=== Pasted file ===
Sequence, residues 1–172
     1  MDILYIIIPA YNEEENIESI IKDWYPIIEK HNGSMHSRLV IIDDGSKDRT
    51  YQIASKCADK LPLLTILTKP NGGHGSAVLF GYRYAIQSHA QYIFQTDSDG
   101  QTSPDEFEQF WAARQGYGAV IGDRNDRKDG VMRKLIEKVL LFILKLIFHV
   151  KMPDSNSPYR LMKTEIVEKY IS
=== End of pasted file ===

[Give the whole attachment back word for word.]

Sequence, residues 1–172
     1  MDILYIIIPA YNEEENIESI IKDWYPIIEK HNGSMHSRLV IIDDGSKDRT
    51  YQIASKCADK LPLLTILTKP NGGHGSAVLF GYRYAIQSHA QYIFQTDSDG
   101  QTSPDEFEQF WAARQGYGAV IGDRNDRKDG VMRKLIEKVL LFILKLIFHV
   151  KMPDSNSPYR LMKTEIVEKY IS